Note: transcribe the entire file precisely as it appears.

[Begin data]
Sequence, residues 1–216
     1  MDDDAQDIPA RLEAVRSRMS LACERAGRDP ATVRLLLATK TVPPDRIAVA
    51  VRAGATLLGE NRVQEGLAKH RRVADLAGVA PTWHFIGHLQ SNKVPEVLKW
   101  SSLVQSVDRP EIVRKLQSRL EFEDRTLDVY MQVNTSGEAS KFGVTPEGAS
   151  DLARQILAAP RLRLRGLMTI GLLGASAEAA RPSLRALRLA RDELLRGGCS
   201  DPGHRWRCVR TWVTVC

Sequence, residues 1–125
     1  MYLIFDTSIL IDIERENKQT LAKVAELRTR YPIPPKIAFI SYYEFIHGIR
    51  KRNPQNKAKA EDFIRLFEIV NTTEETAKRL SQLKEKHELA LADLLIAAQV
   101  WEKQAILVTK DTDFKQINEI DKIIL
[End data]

Sequence, residues 1–216
     1  MDDDAQDIPA RLEAVRSRMS LACERAGRDP ATVRLLLATK TVPPDRIAVA
    51  VRAGATLLGE NRVQEGLAKH RRVADLAGVA PTWHFIGHLQ SNKVPEVLKW
   101  SSLVQSVDRP EIVRKLQSRL EFEDRTLDVY MQVNTSGEAS KFGVTPEGAS
   151  DLARQILAAP RLRLRGLMTI GLLGASAEAA RPSLRALRLA RDELLRGGCS
   201  DPGHRWRCVR TWVTVC

Sequence, residues 1–125
     1  MYLIFDTSIL IDIERENKQT LAKVAELRTR YPIPPKIAFI SYYEFIHGIR
    51  KRNPQNKAKA EDFIRLFEIV NTTEETAKRL SQLKEKHELA LADLLIAAQV
   101  WEKQAILVTK DTDFKQINEI DKIIL